Like much of Utah, the town and the college are within spitting distance of world-class climbing, skiing, trail running, hiking, watersports, and more.

Utah alone is a major force in the outdoors world, with more than 1,000 companies tuned toward outdoor recreation and a cited $5.8 billion draw for the state economy. Tens of thousands of people work in the outdoors industry, and major gear brands call the Salt Lake City area home.


A prospectus for the Outdoor Product Design & Development degree notes: “If Utah is the premiere place for outdoor recreation, then it should be the premiere place to prepare future technical designers.”

The degree at Utah State University looks to be an amazing place for aspiring gear designers to start. We caught up with Lindsey Shirley for a quick Q&A on the degree as the students began the kick-off semester this month.

Interview: Lindsey Shirley (Utah State University)

Is USU the first school in the country to offer an outdoor product design degree?

Lindsey Shirley: Yes, we are the first university to launch a Bachelor’s of Science in Outdoor Product Design and Development (OPDD). The degree program is unique because it focuses on a multidisciplinary approach to training future professionals for the outdoor-product industry.

The other programs across the nation might only focus on industrial design, engineering, fashion design, etc. The program at USU is an integrated program that brings together design, engineering, outdoor recreation, sustainability, business, and many other concepts important in the supply chain of outdoor products.


Students enrolled in the program will have the opportunity to take design concepts to production and test their product ideas. Alongside the design and development processes, students will work on marketing and merchandising strategies for the products that they develop.

How many students are enrolled in the program? How many do you anticipate will enroll in the coming years?

We are bursting at the seams! We have an official enrollment of 100 in our inaugural semester of the OPDD professional seminar course with a list of approximately 50 more students that are planning to transition to the program. On average, our advisor works with 3 – 4 prospective students a day. We are still working on our strategic plan to identify our future goals for enrollment.

Does the university have other courses tied to the outdoor industry?

We have added 13 new courses to the university catalog that have an emphasis on the outdoor industry and outdoor products. Some of the existing courses that we have integrated into the program will have unique sections for OPDD students that have an emphasis on outdoor products. For example, the introductory sewing class will prepare students to construct outdoor products while learning the introductory techniques required in a traditional sewing class.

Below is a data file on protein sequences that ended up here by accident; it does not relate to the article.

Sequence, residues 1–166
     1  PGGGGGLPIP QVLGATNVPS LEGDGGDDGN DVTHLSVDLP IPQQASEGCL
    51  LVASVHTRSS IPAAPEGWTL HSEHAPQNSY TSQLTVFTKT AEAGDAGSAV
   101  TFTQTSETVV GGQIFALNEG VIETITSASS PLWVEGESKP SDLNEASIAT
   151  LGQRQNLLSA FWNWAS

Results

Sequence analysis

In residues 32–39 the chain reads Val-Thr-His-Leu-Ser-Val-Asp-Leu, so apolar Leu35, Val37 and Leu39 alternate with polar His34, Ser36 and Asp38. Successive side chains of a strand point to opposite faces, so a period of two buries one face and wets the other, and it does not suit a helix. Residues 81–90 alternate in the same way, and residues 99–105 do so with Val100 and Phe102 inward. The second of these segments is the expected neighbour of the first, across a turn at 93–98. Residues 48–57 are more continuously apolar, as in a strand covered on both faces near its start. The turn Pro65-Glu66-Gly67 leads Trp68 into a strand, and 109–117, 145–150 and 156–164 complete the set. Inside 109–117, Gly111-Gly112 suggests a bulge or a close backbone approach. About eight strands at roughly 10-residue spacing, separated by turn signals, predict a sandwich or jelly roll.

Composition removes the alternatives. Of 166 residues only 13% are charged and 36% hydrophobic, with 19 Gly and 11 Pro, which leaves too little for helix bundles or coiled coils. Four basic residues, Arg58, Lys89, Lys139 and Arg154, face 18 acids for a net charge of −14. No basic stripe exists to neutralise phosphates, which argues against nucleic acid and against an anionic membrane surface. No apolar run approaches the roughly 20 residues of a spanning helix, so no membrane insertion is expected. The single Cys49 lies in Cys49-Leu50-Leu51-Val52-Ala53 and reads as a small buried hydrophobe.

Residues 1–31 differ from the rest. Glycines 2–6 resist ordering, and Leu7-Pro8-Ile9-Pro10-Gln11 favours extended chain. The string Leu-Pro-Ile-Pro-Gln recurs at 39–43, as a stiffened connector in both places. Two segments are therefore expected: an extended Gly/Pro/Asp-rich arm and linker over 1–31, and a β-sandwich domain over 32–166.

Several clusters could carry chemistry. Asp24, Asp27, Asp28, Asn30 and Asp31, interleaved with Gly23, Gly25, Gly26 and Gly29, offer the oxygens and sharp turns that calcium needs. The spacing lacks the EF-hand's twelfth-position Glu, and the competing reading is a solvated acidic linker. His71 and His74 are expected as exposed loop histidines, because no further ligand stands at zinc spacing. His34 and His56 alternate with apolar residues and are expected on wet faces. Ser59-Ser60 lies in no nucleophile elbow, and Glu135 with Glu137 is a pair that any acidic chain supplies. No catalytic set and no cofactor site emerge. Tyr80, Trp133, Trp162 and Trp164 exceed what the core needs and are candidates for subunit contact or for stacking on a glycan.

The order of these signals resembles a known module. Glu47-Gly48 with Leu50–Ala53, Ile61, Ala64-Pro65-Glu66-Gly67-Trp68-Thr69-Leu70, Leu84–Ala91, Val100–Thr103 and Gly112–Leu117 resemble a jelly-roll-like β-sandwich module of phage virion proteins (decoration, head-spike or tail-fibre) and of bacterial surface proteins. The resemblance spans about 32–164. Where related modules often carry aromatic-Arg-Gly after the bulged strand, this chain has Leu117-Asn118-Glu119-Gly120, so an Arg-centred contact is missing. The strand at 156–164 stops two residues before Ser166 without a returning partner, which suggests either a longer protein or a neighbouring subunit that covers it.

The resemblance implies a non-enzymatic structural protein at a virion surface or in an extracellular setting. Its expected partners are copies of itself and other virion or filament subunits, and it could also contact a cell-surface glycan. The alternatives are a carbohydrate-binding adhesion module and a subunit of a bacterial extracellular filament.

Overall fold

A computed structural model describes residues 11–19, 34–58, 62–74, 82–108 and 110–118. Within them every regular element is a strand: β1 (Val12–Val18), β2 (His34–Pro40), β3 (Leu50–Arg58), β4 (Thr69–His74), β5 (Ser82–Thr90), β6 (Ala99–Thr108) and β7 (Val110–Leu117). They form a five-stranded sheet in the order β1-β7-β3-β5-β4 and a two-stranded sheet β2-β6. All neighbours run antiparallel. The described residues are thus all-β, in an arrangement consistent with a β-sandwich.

Their projects consist of gaiters, duffel bags, messenger bags, and backpacks. For the most part, we are using a theme of bag construction — upon completion of the class, students will have at least four different products to add to their professional portfolio.

When will the outdoors industry see the first graduates enter the workforce?

We officially launched OPDD-specific courses this spring 2016 semester. There were students who began taking other required courses for the program in the fall. We have many students who are pursuing a second bachelor’s degree and have already completed some of the coursework that falls into the general education requirements at USU. There is a possibility that we will have students complete the program in as little as 2.5 years.

–See a future for yourself in the outdoors world? Learn more from the prospectus or the main page for the Utah State University’s Outdoor Product Design & Development degree.

Stephen Regenold

Stephen Regenold is Founder of GearJunkie, which he launched as a nationally-syndicated newspaper column in 2002. As a journalist and writer, Regenold has covered the outdoors industry for two decades, including as a correspondent for the New York Times. A father of five, Regenold and his wife live in Minneapolis.